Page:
When Claudia Cardinale was first making a name for herself in European cinema, starring in now-legendary classics by Federico Fellini, Sergio Leone and Luchino Visconti, the UAE wasn’t yet the UAE and it’s fair to say the idea of an international film festival in Abu Dhabi was probably quite far removed. Much has changed since then and Cardinale, now 74 but about as energetic as a teenager, was in town over the weekend to collect a Lifetime Achievement Award, recognition for a career that has stubbornly refused to slow down since it began some 55 years ago.
“Normally at my age you don’t work,” she laughs. But Cardinale is still doing so, and the Abu Dhabi Film Festival screened her latest offering, Gebo and the Shadow, which saw her work with a filmmaker who makes her seem positively youthful by comparison, the 103-year-old Portuguese director Manoel de Oliveira.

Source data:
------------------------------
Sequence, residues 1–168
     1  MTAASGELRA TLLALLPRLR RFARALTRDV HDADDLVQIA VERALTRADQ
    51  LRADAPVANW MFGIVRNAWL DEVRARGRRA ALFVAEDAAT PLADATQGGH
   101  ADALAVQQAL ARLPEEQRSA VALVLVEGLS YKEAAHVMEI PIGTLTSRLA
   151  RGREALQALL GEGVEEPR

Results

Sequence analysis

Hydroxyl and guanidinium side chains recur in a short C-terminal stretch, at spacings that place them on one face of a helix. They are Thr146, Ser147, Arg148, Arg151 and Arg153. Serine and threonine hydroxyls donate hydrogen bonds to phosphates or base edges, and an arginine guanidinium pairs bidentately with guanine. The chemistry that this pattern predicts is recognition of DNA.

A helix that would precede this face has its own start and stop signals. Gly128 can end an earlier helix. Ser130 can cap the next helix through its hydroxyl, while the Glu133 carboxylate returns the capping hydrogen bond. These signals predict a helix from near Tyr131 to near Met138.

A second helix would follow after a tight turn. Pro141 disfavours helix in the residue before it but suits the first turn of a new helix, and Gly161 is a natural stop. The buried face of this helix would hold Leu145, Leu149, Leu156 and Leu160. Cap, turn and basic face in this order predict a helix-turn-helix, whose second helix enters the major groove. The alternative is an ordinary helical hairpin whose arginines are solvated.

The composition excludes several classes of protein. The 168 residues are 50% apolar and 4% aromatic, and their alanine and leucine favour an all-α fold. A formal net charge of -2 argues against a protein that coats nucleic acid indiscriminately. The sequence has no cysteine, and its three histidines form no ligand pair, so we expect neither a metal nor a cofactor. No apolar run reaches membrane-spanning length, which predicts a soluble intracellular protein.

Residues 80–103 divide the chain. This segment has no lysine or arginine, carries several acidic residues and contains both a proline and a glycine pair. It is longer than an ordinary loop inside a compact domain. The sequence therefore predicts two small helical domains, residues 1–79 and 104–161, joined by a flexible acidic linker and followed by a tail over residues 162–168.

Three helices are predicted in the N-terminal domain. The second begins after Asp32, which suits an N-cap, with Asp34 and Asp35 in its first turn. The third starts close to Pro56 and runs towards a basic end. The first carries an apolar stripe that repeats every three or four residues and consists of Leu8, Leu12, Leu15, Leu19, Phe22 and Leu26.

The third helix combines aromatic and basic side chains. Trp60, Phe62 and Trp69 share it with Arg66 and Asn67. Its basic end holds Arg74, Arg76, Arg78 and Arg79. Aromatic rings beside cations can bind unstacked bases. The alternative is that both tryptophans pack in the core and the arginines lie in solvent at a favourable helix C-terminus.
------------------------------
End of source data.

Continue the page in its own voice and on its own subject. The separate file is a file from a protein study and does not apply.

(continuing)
“We did the movie in just 25 days, it was like theatre,” she says, adding that de Oliveira, despite his age, shares her child-like energy. “Each day before coming on set he was off doing sport.”
Alongside Gebo and the Shadow, Cardinale is appearing in four other films due to come out soon, including the Emma Thompson-scripted Effie. But she is sceptical of how the industry has changed in the half-century she has been acting.
“Before, cinema was an adventure. Now, it’s a business,” she says. “But for me, the money isn’t important. Normally you live only one life. But with cinema, you live many. You can go from a princess to a prostitute when in front of the camera.”